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NIH - High blood pressure (Hypertension) (Medical Encyclopedia) “Blood pressure readings are measured in millimeters of mercury (mmHg) and usually given as 2 numbers. For example, 140 over 90 (written as 140/90). • The top number is your systolic pressure, the pressure created when your heart beats. It is considered high if it is consistently over 140. • The bottom number is your diastolic pressure, the pressure inside blood vessels when the heart is at rest. It is considered high if it is consistently over 90. Either or both of these numbers may be too high. Pre-hypertension is when your systolic blood pressure is between 120 and 139 or your diastolic blood pressure is between 80 and 89 on multiple readings. If you have pre-hypertension, you are more likely to develop high blood pressure at some point. … Most of the time, no cause is identified. This is called essential hypertension. High blood pressure that results from a specific condition, habit, or medication is called secondary hypertension. Too much salt in your diet can lead to high blood pressure. Secondary hypertension may also be due to: • Adrenal gland tumor • Alcohol poisoning • Anxiety and stress • Appetite suppressants • Arteriosclerosis • Birth control pills • Certain cold medicines • Coarctation of the aorta • Cocaine use • Cushing syndrome • Diabetes • Kidney disease, including: o Glomerulonephritis (inflammation of kidneys) o Kidney failure o Renal artery stenosis o Renal vascular obstruction or narrowing • Migraine medicines • Hemolytic-uremic syndrome • Henoch-Schonlein purpura • Obesity • Pain • Periarteritis nodosa • Pregnancy (called gestational hypertension) • Radiation enteritis • Renal artery stenosis • Retroperitoneal fibrosis • Wilms' tumor “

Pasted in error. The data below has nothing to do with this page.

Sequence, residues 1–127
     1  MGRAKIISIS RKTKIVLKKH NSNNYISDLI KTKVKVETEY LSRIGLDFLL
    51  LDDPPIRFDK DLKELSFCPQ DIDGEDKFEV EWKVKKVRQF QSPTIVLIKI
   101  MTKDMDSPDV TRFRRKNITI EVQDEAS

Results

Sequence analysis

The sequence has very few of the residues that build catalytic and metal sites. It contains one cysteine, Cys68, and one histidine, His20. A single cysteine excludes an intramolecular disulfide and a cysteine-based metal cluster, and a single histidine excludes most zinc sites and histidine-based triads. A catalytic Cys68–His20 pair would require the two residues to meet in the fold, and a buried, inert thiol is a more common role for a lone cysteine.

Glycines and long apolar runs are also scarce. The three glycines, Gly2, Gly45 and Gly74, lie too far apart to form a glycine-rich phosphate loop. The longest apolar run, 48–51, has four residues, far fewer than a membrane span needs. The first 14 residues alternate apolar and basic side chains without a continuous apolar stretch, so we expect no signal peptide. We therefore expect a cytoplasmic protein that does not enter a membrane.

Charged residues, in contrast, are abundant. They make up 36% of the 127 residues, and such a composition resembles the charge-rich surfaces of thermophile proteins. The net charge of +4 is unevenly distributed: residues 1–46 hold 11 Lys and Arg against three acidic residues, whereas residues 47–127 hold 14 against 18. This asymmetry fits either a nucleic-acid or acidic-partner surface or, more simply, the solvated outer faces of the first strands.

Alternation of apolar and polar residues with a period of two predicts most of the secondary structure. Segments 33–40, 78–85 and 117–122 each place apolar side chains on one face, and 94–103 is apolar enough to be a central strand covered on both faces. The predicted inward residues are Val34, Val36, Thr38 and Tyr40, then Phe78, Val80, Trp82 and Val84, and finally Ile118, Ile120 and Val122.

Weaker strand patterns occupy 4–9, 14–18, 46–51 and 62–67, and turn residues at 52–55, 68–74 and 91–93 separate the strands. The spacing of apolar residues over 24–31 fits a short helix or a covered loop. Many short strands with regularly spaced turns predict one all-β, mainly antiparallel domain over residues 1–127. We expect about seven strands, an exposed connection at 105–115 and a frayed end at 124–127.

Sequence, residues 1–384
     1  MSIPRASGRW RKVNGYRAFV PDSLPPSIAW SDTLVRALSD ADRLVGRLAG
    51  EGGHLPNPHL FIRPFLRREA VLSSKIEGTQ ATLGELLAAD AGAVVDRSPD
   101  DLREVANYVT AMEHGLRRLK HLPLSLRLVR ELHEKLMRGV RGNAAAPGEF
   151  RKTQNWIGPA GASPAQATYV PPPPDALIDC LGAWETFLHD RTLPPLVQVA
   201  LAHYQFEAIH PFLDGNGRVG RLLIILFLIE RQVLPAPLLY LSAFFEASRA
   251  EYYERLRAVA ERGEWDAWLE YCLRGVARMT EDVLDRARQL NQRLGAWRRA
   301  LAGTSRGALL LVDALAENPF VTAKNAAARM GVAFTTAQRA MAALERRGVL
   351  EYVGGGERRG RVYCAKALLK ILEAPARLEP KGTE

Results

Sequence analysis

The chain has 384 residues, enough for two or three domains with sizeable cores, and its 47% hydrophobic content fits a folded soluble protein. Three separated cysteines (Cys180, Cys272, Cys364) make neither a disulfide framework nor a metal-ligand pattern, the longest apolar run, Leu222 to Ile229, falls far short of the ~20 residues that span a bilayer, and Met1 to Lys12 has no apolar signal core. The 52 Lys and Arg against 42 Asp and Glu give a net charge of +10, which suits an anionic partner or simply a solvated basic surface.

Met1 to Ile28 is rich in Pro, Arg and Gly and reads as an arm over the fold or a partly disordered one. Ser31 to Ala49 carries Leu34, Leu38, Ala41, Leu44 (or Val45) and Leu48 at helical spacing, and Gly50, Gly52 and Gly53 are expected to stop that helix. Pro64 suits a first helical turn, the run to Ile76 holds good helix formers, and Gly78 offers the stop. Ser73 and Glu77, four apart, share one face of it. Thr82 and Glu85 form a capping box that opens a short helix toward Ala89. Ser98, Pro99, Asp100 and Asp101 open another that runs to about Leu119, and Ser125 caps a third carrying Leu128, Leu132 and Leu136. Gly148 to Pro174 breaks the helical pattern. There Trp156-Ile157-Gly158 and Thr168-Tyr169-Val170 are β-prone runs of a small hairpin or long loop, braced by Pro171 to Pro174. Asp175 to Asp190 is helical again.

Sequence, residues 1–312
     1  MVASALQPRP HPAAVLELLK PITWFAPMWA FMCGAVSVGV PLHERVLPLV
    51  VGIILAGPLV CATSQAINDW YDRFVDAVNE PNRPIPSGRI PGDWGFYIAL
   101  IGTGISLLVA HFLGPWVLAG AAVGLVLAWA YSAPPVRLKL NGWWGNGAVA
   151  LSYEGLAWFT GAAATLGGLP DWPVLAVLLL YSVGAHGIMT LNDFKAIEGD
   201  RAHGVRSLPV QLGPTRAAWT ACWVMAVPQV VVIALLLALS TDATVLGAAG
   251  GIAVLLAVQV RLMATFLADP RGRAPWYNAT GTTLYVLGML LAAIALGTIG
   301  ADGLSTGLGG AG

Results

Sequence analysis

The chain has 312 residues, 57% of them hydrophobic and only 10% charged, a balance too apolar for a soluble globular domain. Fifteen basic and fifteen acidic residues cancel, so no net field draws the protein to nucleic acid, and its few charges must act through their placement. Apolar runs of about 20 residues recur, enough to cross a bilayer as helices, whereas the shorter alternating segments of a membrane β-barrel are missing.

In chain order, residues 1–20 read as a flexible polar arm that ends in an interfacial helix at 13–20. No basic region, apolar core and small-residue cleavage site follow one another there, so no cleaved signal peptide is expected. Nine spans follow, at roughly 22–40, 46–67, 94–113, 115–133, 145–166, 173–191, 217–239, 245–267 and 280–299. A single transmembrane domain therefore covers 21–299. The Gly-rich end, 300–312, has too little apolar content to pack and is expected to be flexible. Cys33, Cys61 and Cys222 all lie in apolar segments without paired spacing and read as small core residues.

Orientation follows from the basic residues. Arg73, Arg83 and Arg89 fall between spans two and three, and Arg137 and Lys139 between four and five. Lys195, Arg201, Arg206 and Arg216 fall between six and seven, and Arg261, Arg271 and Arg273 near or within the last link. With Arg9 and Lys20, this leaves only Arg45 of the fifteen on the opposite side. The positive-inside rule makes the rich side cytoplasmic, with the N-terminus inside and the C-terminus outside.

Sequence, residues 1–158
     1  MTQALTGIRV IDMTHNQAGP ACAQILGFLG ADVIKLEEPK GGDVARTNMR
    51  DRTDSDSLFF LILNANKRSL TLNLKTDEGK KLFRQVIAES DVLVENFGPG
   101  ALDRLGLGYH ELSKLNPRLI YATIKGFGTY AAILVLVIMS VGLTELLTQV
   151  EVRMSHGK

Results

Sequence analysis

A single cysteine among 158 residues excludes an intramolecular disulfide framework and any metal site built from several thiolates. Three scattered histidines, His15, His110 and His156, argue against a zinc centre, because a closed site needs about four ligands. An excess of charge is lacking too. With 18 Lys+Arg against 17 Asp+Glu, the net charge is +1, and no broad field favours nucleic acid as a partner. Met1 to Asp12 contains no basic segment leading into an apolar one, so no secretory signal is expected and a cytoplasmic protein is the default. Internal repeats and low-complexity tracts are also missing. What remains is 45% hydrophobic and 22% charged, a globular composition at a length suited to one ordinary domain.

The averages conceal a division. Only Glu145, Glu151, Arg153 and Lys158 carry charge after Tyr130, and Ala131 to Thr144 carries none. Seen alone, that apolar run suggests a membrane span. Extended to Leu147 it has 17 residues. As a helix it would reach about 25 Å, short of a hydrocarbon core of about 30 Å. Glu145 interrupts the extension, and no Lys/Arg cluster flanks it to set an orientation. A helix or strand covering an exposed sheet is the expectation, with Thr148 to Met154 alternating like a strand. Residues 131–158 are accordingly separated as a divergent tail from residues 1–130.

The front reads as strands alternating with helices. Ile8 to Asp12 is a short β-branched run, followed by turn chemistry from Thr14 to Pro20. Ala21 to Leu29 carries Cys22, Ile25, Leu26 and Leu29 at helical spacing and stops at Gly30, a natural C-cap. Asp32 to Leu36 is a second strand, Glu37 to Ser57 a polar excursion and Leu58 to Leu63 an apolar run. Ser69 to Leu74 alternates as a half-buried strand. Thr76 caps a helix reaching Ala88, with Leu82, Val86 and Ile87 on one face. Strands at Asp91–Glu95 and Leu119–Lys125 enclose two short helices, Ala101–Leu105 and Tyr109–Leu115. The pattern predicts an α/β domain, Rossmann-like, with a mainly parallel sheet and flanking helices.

NHS - Blood pressure (high) “Causes of high blood pressure There are two types of high blood pressure: • essential (or primary) high blood pressure - where there is no identifiable cause, and • secondary high blood pressure - where high blood pressure is the result of an underlying cause, such as kidney disease, or a particular type of medication that you are taking. Essential high blood pressure While the cause of essential high blood pressure remains unknown, there is compelling evidence to show that there are number of risk factors which increase your chances of developing the condition. These risk factors include: • age - the risk of developing high blood pressure increases as you get older, • a family history of high blood pressure - the condition seems to run in families, • being of Afro-Caribbean or South Asian origin, • obesity, • lack of exercise, • smoking, • excessive alcohol consumption, • high amount of salt in your diet, • high fat diet, and • stress. A number of other medical conditions have also been linked to an increase chance in developing essential high blood pressure, such as diabetes and kidney disease. Secondary high blood pressure A small amount of cases of high blood pressure (approximately 5%) are the result of an underlying condition or cause. These include: • kidney conditions, such as a kidney infection, or kidney disease, • narrowing of the arteries, • hormonal conditions, such as Cushing's syndrome (a condition where your body produces an excess of steroid hormones), • conditions affecting the tissue of the body, such as lupus (a condition where your immune system attacks healthy tissue), • medicines, such as the oral contraceptive pill, or the type of painkillers known as nonsteriodal anti-inflammatory drugs (NSAIDs), such as ibuprofen, • excessive alcohol consumption, and • illegal stimulants, such as cocaine, amphetamine and crystal meth”